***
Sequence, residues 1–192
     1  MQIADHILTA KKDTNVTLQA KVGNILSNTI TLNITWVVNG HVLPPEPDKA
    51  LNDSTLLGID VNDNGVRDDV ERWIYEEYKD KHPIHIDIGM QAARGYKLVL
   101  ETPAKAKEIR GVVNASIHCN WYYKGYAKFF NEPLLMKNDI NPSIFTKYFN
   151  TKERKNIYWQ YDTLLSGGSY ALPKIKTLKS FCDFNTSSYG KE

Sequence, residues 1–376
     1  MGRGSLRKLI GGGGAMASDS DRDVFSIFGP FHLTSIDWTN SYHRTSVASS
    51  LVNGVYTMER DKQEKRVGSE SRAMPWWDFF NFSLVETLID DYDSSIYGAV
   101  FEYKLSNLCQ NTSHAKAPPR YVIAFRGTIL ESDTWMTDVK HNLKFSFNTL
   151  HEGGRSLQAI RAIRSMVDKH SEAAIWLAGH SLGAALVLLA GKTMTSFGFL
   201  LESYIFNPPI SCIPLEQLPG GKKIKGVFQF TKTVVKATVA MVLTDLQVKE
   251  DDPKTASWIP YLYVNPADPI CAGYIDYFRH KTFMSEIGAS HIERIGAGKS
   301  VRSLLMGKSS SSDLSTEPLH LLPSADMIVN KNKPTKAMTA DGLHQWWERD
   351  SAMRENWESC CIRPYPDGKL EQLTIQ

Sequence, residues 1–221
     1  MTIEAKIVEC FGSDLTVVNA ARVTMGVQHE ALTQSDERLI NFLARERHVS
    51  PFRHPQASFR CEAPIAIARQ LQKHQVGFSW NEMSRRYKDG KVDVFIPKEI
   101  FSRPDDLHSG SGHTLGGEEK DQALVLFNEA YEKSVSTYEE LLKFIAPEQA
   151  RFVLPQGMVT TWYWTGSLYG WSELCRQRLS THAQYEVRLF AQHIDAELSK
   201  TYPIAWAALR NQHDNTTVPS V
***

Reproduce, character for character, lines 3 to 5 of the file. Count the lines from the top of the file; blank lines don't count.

    51  LNDSTLLGID VNDNGVRDDV ERWIYEEYKD KHPIHIDIGM QAARGYKLVL
   101  ETPAKAKEIR GVVNASIHCN WYYKGYAKFF NEPLLMKNDI NPSIFTKYFN
   151  TKERKNIYWQ YDTLLSGGSY ALPKIKTLKS FCDFNTSSYG KE